“The Opacity of Desire. Queerness, Postcolonialism, And Diasporic Belonging in Guadeloupe”
*Shima: The International Journal of Research into Island Cultures. Vol. 16, No.1*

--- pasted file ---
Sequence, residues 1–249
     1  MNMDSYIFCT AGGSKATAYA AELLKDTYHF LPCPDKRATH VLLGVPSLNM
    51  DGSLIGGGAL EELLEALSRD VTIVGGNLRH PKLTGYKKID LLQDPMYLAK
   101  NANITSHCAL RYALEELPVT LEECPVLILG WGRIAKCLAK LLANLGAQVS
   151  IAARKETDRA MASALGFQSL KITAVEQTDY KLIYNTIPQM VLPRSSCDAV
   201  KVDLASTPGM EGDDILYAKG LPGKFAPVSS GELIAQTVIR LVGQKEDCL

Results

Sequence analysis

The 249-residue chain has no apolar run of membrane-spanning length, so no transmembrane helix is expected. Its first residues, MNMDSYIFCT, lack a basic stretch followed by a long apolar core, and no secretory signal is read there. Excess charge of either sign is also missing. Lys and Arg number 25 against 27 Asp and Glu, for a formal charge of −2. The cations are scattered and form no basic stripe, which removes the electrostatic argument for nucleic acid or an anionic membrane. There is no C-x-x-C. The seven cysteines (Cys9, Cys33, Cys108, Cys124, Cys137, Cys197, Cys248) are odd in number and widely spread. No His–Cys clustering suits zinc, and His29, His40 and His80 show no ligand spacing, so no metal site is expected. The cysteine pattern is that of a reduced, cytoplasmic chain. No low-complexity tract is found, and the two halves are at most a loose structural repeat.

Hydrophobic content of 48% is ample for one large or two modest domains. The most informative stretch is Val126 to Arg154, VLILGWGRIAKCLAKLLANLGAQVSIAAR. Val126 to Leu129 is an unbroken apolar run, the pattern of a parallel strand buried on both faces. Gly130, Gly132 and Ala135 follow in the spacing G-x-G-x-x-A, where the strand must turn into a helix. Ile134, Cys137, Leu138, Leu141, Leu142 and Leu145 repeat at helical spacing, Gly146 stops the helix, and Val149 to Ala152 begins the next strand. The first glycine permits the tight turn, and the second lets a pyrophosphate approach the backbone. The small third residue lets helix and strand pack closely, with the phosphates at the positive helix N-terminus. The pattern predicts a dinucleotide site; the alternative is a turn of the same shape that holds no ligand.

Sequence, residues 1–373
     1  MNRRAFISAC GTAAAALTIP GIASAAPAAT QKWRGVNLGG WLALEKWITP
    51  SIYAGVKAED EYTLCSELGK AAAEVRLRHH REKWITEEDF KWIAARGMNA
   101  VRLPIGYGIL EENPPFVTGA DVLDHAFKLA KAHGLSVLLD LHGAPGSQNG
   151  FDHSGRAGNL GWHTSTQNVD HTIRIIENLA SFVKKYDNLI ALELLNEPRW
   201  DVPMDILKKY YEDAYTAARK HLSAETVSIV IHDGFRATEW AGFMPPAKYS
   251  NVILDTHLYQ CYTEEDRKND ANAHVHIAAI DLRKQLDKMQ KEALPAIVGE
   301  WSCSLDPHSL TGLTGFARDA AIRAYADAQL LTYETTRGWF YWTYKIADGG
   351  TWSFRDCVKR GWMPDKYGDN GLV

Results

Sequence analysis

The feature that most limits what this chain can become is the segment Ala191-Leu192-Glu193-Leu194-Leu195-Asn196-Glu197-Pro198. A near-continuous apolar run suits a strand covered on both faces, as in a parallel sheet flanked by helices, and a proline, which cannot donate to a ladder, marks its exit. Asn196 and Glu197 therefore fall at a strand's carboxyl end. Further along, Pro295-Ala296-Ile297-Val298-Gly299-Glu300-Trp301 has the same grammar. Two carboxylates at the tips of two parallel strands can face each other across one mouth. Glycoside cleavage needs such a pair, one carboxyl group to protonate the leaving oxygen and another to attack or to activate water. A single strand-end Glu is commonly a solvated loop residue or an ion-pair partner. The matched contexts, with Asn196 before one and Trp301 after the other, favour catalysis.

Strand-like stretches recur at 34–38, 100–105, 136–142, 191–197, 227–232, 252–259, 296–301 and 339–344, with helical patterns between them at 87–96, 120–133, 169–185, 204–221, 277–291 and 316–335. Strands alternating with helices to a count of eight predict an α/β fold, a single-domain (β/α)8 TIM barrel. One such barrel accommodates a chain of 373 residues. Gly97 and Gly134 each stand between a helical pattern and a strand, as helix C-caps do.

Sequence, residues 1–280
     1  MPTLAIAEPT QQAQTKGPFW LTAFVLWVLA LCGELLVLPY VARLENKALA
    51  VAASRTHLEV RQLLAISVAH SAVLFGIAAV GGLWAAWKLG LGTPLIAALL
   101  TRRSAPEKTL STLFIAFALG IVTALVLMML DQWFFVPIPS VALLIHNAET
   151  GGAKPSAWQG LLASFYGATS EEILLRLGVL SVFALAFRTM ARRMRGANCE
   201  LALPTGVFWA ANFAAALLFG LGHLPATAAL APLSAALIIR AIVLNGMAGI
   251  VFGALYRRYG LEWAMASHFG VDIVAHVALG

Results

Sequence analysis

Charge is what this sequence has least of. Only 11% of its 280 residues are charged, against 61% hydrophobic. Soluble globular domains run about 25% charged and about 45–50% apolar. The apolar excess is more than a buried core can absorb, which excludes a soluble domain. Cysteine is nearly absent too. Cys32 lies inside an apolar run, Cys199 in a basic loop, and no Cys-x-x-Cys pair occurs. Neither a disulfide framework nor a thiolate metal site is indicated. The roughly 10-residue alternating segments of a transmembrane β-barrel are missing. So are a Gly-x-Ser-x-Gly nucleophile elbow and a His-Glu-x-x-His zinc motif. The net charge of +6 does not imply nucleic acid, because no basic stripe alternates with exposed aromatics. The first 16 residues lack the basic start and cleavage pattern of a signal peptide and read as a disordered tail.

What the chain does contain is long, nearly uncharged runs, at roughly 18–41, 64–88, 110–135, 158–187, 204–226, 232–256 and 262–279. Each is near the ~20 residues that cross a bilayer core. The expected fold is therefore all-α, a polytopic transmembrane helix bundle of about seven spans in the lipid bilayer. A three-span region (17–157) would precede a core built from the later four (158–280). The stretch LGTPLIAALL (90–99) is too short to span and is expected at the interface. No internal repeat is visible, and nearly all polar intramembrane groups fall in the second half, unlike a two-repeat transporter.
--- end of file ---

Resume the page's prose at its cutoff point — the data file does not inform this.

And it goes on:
This article addresses the seemingly invisibility of queerness in the Caribbean context, which is often believed to result from a deeply homophobic and bigoted insular milieu. This invisibility has less to do with self-loathing, shame, and hiding than with a voluntary gesture toward ambiguity, subtleness, and alteration. I demonstrate that queerness in Guadeloupe is generally not conceived as a sexual and political identity that should be loudly and proudly reclaimed, but rather as both a practice and an effect of an uncertain and impure reading that I call the peu-dit (little is said) or ‘PD’. This ‘little said’ opens up meaning more than it forecloses it as it traces an affective and alternative cartography that irremediably correlates racial and queer formation with continent and island-making. This ethnography is both an inspiration and a call to decontinentalise our standpoint, and to orient ourselves towards an archipelagic and counter-imperial queer thinking.